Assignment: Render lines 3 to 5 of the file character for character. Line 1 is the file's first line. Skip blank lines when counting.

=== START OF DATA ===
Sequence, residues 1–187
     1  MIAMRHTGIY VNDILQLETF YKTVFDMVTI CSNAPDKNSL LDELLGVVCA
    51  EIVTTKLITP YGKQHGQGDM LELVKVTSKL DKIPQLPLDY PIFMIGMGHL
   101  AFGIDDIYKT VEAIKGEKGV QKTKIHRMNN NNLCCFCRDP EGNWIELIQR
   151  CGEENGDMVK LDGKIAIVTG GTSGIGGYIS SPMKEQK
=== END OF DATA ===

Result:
    51  EIVTTKLITP YGKQHGQGDM LELVKVTSKL DKIPQLPLDY PIFMIGMGHL
   101  AFGIDDIYKT VEAIKGEKGV QKTKIHRMNN NNLCCFCRDP EGNWIELIQR
   151  CGEENGDMVK LDGKIAIVTG GTSGIGGYIS SPMKEQK